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May 8, 2021

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‘Bad apple culprit’ ID’d and contacted, but no arrest made

By , Columbian Breaking News Reporter
Published:

Investigators have identified and contacted the suspect they deemed the “bad apple culprit,” but say that there isn’t sufficient evidence for criminal charges.

Clark County Sheriff’s Office spokesman Sgt. Fred Neiman said he wouldn’t go into detail about the evidence collected, but said that there were no citations or arrests that resulted from the investigation.

Deputies were alerted to the culprit Aug. 24 after a northwest Hazel Dell resident came home and found a strange note on the door with the author claiming he was “apple-ing” residences by throwing apples onto roofs, according to the Clark County Sheriff’s Office.

Neiman said that deputies were uncertain if apples were actually thrown on the homeowners roof or not.

Furthermore, walking to someone’s front door is not trespassing, Neiman said. It’s also not clear cut whether throwing apples onto roofs is a crime, he said, adding that it would depend on the totality of the circumstance.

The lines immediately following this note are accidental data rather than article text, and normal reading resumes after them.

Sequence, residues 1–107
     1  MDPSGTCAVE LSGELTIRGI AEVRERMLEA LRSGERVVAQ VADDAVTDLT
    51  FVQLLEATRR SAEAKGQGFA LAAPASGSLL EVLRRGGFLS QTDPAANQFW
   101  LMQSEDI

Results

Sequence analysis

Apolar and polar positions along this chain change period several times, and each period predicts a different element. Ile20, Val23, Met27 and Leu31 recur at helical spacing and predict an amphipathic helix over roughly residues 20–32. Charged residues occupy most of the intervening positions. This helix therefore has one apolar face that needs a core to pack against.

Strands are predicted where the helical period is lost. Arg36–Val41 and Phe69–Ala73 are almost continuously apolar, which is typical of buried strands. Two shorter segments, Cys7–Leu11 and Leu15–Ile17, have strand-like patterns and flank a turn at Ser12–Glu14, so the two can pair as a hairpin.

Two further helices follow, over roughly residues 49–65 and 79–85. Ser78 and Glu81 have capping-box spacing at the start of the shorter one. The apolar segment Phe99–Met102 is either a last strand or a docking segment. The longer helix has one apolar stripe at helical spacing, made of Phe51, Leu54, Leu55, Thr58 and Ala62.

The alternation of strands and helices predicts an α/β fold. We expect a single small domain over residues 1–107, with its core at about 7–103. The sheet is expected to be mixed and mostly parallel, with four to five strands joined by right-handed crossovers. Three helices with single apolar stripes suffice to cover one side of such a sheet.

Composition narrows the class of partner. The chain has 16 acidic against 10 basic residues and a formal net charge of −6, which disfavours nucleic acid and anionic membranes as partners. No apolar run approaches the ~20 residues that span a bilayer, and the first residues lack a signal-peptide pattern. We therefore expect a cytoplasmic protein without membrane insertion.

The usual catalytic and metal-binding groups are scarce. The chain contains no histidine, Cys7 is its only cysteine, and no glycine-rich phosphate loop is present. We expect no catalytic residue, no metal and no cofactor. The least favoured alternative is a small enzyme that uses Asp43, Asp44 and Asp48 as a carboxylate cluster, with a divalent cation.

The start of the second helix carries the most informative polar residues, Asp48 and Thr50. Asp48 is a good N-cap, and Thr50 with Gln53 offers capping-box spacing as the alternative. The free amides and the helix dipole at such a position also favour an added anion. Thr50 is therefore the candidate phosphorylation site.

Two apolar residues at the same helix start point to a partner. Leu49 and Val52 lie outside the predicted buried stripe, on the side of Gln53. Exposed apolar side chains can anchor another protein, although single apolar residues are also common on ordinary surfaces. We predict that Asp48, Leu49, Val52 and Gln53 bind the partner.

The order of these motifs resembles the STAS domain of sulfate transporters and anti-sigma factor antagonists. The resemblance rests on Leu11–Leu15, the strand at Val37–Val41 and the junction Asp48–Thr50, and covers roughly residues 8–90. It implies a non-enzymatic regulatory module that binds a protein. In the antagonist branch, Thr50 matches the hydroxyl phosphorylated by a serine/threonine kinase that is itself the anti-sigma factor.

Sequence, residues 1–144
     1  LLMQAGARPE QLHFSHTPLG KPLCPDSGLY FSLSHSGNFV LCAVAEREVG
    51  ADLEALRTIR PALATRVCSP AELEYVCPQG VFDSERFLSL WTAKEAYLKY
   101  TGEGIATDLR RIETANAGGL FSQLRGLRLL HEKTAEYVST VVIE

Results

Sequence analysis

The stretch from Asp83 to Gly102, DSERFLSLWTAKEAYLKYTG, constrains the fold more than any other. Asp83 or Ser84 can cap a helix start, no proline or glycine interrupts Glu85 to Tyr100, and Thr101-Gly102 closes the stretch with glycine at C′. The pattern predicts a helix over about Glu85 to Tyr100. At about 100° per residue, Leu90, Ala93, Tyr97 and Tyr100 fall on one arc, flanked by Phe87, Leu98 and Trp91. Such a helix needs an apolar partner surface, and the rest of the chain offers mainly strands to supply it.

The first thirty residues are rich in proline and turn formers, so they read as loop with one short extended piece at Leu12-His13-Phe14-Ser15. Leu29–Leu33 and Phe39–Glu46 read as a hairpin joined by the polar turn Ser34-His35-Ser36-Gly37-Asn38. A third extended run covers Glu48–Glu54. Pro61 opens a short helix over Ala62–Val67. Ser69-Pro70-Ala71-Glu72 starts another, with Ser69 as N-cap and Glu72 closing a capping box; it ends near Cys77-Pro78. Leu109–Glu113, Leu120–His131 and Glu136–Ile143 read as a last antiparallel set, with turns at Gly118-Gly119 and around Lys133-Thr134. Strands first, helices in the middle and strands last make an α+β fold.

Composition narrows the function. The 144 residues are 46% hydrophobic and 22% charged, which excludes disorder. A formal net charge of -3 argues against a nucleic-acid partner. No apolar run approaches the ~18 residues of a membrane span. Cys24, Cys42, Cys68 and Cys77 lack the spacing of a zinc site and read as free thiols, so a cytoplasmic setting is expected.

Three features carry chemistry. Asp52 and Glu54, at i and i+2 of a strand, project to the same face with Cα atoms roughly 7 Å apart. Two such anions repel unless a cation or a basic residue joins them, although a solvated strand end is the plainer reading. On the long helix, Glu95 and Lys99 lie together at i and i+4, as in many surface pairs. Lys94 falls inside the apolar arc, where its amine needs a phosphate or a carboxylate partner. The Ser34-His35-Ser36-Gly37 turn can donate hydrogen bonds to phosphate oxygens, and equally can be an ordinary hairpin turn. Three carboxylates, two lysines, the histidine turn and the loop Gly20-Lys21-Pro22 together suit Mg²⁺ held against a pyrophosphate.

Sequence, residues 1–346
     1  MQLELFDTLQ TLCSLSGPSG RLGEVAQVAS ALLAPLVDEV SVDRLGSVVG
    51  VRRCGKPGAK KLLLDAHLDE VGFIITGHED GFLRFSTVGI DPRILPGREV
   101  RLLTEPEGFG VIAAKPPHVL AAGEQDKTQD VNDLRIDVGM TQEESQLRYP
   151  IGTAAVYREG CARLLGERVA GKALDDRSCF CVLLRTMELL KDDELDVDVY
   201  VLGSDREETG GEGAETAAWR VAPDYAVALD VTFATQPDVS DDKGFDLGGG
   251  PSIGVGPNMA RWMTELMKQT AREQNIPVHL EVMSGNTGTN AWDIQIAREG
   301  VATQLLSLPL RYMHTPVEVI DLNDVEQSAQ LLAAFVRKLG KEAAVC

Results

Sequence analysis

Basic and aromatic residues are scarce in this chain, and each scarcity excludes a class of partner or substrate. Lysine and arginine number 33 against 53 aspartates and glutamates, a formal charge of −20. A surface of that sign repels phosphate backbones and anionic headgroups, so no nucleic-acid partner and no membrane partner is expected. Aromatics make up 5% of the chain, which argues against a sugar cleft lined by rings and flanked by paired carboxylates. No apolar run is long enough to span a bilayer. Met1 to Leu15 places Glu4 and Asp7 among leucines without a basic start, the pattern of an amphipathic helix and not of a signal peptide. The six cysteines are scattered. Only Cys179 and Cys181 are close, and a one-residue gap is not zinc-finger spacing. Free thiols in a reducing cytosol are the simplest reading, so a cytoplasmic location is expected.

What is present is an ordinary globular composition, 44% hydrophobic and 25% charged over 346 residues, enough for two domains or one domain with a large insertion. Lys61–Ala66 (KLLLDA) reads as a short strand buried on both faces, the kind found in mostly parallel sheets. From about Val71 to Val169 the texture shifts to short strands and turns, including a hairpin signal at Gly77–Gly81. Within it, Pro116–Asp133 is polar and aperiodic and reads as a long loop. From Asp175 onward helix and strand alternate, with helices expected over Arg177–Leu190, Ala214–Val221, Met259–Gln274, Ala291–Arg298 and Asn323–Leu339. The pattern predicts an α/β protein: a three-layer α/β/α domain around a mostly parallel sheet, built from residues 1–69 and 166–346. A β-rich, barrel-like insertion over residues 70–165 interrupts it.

The agency said it has taken similar complaints over the years of homeowners finding apples tossed on their roof and landing in rain gutters.

In the past, the culprit has said in the notes that the fruit blitz is targeting supporters of Sen. Patty Murray, D-Wash., who is running for a fifth term this year, and President Barack Obama. The letters have been historically signed “Titania.” In previous years, similar letters circulated about Sen. Jeff Merkley, D-Ore.

Last week’s incident, however, deputies collected surveillance footage of the “bad apple culprit” and the agency posted the information to its Facebook page. The incident was widely circulated on social media and drew national media attention.

Neiman said that he appreciated the community conversation that the incident sparked.

“He has engaged the community in an interesting discussion about what is and isn’t suspicious behavior,” Neiman said. “If it’s heightened the awareness of the public of what’s going on in the community and to be aware of suspicious behavior, that’s a good thing.”

Neiman said that if residents feel victimized or notice what they think is suspicious behavior, they should call 911 in emergency situations or 311 in non-emergency situations and law enforcement will follow up.

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